Exercise cannot reduce a sodium-retaining hormone in African Americans known to potentially cause hypertension, found Michael D. Brown, Ph.D., the senior author of a study in the September issue of Experimental Physiology. Brown is an associate professor of kinesiology at Temple Universitys College of Health Professions.
The hormone, aldosterone, influences the kidneys regulation of blood pressure, but too much of it can contribute to the development of hypertension because it causes the kidney to retain salt. Aldosterone, released by the adrenal glands on top of the kidneys, plays a role in the complex system used by the body to regulate blood pressure.
Although the results are discouraging for African Americans and hypertension, itll point us in other directions that may have more potential and could be the key to reducing hypertension, said Brown, who has a background in exercise physiology.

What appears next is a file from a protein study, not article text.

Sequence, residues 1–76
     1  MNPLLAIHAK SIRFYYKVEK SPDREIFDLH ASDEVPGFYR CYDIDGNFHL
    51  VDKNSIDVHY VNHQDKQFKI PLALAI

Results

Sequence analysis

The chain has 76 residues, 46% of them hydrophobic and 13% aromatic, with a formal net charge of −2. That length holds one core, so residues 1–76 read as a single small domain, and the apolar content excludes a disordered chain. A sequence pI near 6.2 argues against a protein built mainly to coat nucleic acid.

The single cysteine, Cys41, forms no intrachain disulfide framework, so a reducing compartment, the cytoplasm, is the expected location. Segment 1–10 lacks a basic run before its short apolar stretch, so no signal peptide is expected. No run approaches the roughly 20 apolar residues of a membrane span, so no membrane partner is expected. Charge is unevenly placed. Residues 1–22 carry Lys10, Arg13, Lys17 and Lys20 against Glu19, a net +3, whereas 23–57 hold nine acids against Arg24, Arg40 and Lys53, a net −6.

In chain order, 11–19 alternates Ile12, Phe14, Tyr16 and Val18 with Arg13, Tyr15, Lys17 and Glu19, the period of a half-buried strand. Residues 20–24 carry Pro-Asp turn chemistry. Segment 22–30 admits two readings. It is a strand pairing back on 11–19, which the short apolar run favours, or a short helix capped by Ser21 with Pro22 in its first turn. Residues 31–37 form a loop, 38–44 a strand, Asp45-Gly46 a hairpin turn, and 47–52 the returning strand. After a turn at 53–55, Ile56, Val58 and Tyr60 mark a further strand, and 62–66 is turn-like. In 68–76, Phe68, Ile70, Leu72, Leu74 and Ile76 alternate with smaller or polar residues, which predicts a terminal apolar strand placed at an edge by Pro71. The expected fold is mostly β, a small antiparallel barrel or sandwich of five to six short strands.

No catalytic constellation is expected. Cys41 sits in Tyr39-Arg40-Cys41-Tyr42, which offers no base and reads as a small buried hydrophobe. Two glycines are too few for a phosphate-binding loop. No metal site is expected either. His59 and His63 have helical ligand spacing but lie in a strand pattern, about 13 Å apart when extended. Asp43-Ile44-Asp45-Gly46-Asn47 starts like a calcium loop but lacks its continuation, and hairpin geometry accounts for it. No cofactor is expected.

Many African Americans develop the salt-sensitive form of hypertension. Approximately 40 percent of African Americans have hypertension the highest rate of any racial or ethnic group in the United States but there is little data about what makes them more susceptible to this condition, Brown said.
This study is based on the premise that the prevalence of blood pressure sensitivity to salt is extremely high is African Americans. Alterations in aldosterone regulation may play a role because aldosterone causes the kidney to retain salt. Brown said he wanted to find out if exercise could lower the levels.
In the study, he found that the level of aldosterone was related to how the two racial groups distributed body fat. Caucasians generally stored fat in the abdomen area, whereas African Americans had fat distributed throughout the body in a layer under the skin. The six-month study involving 35 Caucasians and African Americans with hypertension found that aerobic exercise training program reduced aldosterone levels in Cauc
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